Sarah Courtney / EdSource
Colton Reichow (right) eats lunch while social distancing during the first day of a hybrid schedule at Lucerne Valley Elementary in San Bernardino County.

Most California voters want schools to require safeguards like face masks, proper ventilation and social distancing in classrooms, and Covid-19 testing and tracing before schools return for in-person instruction, according to poll released Thursday by the California Teachers Association.

Sixty percent of those polled said these safeguards and access to a nurse, daily health screenings, smaller class sizes and continued distance learning for students and teachers with medical conditions are all essential to reopening schools. The poll found that 85% of California voters surveyed expect school districts to make “major changes” to prevent the spread of the virus.

The online poll, conducted by Hart Research Associates between Sept. 18 and Sept. 25, asked 1,295 registered voters, including 527 parents, to answer questions about how and when California schools should reopen. Researchers polled a sample of California voters who matched the demographics of California voters overall, said Geoff Garin, president of Hart Research Associates.

Researchers found that 62% of voters would not be comfortable sending their children to school at this time.

Most voters, 63%, support the state’s four-tiered system that allows counties to reopen schools if infection rates in the community are low. Four out of 10 said that schools should not reopen without a vaccine, although most would make an exception for small group instruction for special needs students, according to a summary of the findings.

“It makes only common sense that we look at the science, and we take care of our students and our teachers,” said E. Toby Boyd, president of the California Teachers Association during a press conference Thursday. “Before we open schools, we can’t do it unless we are safe. And that has been what we’ve been saying. And the research has showed us that we have been on the right track.”

The findings of the poll support the position of the California Teachers Association, which outlined its concerns about reopening campuses in a letter to Gov. Gavin Newsom, Superintendent of Public Instruction Tony Thurmond and Assembly Speaker Anthony Rendon and Senate Pro Tem Toni Atkins on Sept. 16.

Among the union’s primary concerns is a lack of Covid-19 testing and tracing in schools. The letter called on the state to put a system of testing and tracing in place for students and staff. A state plan to test 100,000 people a day beginning Nov. 1 will be too late for schools in 25 counties eligible to reopen schools now, the letter says.

Schools should be prepared for outbreaks of Covid-19 and have plans in place to test students and staff, and to trace infections, said Robert Harrison, a professor at the UC San Francisco and a specialist in occupational medicine.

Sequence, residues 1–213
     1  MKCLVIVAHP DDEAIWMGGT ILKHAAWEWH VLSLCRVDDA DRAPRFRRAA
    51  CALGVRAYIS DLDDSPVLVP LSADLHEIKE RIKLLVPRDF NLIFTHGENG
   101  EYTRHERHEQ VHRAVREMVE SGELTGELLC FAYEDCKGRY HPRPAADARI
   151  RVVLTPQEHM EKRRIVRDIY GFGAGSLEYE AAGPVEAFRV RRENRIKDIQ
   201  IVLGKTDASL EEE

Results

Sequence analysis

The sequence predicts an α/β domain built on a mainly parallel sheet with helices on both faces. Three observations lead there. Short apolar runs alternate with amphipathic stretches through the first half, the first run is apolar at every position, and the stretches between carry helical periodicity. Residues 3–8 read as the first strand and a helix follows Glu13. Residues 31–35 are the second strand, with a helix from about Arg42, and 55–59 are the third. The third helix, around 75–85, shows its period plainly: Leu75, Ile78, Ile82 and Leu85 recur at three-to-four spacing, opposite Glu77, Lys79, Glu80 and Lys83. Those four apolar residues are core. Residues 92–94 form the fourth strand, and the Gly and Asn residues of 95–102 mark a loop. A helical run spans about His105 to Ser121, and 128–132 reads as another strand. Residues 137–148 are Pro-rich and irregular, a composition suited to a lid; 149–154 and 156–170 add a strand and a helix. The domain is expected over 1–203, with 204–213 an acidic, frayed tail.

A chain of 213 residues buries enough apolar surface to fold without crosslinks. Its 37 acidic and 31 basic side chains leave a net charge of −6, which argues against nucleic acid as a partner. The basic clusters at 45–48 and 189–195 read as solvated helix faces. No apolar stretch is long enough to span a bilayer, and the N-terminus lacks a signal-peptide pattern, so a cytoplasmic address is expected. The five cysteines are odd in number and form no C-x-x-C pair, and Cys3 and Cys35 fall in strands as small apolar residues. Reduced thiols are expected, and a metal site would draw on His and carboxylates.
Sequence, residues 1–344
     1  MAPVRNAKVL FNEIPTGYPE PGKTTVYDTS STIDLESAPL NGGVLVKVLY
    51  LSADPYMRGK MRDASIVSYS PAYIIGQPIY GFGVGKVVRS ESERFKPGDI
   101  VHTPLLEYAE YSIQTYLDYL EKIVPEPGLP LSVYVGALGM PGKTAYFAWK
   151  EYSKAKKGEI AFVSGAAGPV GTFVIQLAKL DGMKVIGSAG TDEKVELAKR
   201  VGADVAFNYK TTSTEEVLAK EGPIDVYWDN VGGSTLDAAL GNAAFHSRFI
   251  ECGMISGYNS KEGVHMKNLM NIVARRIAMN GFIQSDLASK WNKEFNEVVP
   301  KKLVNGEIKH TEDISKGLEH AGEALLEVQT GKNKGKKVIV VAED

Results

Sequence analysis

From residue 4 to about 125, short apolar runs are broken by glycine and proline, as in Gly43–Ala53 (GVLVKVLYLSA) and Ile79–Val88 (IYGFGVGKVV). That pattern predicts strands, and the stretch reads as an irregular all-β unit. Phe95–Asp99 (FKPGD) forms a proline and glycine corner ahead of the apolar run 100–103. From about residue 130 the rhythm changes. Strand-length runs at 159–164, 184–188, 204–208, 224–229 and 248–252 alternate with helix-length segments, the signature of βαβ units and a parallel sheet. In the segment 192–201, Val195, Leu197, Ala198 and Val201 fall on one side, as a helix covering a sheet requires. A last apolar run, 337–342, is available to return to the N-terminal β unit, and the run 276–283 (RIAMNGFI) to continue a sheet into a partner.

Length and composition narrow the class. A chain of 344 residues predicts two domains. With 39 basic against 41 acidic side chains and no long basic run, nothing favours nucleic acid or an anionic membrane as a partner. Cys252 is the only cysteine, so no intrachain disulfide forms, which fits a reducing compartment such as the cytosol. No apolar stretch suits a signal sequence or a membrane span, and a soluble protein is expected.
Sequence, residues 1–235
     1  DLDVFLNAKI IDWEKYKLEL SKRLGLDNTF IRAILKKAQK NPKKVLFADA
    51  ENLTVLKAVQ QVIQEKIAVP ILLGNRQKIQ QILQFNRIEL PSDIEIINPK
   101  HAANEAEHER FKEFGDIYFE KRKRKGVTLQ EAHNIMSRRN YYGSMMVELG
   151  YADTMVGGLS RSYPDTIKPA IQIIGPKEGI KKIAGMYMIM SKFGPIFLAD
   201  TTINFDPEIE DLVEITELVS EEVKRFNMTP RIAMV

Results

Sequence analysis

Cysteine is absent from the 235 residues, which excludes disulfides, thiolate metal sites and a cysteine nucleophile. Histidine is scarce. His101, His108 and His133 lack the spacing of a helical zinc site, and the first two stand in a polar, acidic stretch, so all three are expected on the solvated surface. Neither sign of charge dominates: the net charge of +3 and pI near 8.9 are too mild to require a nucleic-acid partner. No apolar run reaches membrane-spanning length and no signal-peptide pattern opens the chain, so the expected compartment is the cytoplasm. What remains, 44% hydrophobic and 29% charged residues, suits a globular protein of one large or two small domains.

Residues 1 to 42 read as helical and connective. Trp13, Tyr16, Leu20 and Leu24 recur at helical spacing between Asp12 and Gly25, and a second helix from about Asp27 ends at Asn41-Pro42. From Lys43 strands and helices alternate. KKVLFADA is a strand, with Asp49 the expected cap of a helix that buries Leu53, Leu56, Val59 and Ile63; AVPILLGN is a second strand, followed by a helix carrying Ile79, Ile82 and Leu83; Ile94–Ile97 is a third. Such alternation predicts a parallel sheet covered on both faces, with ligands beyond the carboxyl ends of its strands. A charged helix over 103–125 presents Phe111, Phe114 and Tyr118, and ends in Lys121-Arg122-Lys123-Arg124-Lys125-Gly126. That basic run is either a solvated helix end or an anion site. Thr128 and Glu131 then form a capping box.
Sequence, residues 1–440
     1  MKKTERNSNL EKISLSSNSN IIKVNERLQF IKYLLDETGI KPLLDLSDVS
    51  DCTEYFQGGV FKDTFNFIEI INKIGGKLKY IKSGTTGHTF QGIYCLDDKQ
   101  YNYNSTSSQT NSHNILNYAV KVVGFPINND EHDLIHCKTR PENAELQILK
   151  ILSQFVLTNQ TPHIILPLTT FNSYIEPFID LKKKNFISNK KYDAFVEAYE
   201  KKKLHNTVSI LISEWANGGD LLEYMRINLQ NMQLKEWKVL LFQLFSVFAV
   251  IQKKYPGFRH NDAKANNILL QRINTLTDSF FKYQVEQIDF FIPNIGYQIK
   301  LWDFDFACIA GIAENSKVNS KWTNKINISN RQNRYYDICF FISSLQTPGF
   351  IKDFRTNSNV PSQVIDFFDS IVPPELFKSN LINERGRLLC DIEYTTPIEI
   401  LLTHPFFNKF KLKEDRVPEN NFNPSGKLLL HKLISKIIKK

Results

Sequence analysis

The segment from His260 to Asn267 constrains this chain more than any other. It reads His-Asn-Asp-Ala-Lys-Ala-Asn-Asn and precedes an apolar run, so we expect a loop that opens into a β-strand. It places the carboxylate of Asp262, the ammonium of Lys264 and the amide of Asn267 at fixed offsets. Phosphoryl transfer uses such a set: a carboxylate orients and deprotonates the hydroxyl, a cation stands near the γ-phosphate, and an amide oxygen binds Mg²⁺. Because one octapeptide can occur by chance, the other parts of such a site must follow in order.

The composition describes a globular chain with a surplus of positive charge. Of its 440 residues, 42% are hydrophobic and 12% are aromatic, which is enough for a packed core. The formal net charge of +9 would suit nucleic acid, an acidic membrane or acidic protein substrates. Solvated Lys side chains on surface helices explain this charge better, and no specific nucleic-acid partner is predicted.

“It is clear from both a workplace and a community perspective that keeping teachers and staff safe from Covid-19 in schools will also help keep our students and their families safe as well,” Harrison said during Thursday’s press conference.

California voters are not optimistic about the next year when it comes to the spread of the coronavirus. Nearly 80% of the voters contacted for the poll consider the spread of the virus to be a serious problem in the state. More than half of the voters polled said that they expect that the worse is yet to come in terms of the spread of the virus.

More than half of those polled felt that the health and safety of students, staff and their families should be considered first when deciding when and how to reopen a school campus. A fifth felt that avoiding community spread of the virus should be the most important factor to consider.

An EdSource poll released last week found that nearly three-quarters of voters surveyed say schools need additional funding to implement safety practices vital to reopening school campuses. The California Teachers Association poll found that 80% of voters believe more funding is needed.

“We are facing a $12.5 billion deficit next year,” said Boyd in reference to California K-12 schools and community colleges. “That’s insurmountable. And it’s nothing like I’ve ever seen in my 26 years of teaching. It is bigger than what happened in 2008.”

EdSource's trusted, in-depth reporting has never mattered more.

With the coronavirus affecting every aspect of California's education, demand for EdSource's reporting has increased tremendously.

We can meet this demand, with help from readers like you.